[Skip to Content]
[Skip to Content Landing]
November 25, 1905


JAMA. 1905;XLV(22):1656-1657. doi:10.1001/jama.1905.02510220042005

This article is only available in the PDF format. Download the PDF to view the article, as well as its associated figures and tables.


Football is not as bad as the Fourth of July. In the first place it costs only ten to fifteen per cent, as many lives and fewer eyes; furthermore, the fun lasts three months instead of two or three days, so we get more per boy. Yet in spite of this evident innocuity, the popular protest against the game, as played at present, seems to be stronger and more general than ever before. Not that the game is waning in popularity, for as usual the attendance at the big championship games is limited to the number of people the grounds will hold, plus as many more as can get in. We hear a great deal about lessening the danger of football by making the game more open, and substituting end runs, trick plays and punting, for the steady hammering down the field a yard or two at a time, with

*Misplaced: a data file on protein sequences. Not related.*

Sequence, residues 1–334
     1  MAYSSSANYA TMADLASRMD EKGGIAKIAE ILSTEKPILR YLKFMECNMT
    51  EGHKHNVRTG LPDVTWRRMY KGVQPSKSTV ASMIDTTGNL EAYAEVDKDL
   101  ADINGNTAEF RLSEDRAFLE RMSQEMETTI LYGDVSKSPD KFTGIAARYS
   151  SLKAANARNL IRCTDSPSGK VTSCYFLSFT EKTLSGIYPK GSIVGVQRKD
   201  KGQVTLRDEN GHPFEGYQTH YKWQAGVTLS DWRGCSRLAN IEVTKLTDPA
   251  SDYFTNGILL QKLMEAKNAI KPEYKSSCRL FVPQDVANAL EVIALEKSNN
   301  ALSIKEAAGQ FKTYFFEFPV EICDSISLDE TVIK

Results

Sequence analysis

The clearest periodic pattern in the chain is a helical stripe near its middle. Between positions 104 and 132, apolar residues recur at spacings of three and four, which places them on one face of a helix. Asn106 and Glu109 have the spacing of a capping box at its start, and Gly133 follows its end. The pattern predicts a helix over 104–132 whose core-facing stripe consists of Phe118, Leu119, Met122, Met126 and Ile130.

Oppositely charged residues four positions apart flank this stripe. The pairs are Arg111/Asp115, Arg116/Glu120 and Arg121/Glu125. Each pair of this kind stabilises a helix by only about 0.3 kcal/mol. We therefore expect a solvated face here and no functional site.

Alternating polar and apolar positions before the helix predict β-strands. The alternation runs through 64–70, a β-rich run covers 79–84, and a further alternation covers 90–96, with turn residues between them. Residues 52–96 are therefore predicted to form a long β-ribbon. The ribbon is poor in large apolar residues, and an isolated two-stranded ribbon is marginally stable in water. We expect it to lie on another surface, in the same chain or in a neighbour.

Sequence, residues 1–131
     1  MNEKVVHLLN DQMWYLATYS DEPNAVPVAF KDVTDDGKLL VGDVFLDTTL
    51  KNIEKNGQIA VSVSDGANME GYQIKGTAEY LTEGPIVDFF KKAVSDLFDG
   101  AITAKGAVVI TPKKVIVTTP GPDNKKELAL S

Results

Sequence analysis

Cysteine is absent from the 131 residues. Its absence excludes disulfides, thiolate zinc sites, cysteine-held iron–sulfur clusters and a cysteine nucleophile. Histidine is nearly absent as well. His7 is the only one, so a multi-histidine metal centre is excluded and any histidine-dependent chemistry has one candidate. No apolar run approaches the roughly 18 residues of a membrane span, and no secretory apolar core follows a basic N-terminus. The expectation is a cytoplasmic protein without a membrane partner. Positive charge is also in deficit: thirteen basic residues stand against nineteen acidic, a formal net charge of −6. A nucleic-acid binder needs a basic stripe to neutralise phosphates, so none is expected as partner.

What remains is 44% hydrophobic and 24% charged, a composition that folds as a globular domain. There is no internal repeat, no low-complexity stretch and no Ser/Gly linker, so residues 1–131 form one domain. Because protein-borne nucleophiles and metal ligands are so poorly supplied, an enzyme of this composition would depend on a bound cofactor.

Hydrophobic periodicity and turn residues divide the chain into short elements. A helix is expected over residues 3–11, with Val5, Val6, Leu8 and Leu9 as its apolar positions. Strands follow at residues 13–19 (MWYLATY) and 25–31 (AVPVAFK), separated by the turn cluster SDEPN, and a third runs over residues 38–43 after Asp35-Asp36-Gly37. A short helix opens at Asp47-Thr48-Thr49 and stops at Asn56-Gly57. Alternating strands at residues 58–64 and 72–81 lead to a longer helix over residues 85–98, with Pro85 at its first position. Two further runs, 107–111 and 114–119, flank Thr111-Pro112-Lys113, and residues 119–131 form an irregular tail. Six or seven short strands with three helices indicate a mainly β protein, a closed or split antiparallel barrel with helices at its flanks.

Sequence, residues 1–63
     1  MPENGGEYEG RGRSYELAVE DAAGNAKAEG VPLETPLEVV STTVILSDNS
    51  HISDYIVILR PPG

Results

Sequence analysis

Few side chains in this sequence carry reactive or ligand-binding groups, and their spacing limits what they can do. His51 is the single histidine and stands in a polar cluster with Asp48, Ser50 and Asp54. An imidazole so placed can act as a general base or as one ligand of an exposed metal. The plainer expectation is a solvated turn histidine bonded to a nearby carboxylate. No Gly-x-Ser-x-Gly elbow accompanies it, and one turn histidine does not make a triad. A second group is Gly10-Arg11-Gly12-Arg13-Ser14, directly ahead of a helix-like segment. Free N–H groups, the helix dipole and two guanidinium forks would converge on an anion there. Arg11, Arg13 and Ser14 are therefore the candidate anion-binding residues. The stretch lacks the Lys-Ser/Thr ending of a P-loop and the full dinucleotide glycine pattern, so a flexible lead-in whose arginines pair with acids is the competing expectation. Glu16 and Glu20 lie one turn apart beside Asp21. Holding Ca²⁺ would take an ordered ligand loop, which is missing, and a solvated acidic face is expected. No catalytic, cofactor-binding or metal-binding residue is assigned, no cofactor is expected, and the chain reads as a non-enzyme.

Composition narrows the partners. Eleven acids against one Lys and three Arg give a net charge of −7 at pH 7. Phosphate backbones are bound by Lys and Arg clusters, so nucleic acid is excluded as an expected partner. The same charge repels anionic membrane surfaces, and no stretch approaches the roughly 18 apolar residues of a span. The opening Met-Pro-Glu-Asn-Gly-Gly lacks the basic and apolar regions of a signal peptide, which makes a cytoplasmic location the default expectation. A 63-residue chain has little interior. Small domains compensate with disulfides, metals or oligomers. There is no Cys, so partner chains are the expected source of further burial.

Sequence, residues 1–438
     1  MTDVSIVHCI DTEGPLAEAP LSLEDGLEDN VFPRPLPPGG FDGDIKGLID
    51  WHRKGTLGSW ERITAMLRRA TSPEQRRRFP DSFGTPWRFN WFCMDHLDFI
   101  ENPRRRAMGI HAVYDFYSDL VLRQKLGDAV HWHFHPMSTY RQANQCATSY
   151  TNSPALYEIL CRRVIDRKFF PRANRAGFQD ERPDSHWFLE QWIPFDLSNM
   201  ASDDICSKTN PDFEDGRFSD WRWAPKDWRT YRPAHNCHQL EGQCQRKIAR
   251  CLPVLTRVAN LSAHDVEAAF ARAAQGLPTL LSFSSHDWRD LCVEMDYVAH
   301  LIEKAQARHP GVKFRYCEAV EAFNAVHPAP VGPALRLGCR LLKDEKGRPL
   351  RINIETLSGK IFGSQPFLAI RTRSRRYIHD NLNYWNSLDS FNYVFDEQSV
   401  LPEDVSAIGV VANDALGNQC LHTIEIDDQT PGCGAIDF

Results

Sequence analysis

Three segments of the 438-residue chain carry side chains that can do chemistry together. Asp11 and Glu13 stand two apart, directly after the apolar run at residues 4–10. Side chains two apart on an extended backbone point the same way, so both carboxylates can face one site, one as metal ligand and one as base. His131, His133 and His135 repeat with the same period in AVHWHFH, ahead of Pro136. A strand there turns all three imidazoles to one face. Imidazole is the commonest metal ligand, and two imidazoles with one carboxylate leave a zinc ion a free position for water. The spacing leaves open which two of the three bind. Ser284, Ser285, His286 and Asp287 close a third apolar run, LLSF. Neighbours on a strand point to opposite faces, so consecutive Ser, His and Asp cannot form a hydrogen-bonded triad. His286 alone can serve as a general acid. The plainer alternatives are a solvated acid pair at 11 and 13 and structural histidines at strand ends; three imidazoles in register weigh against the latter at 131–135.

First Page Preview View Large
First page PDF preview
First page PDF preview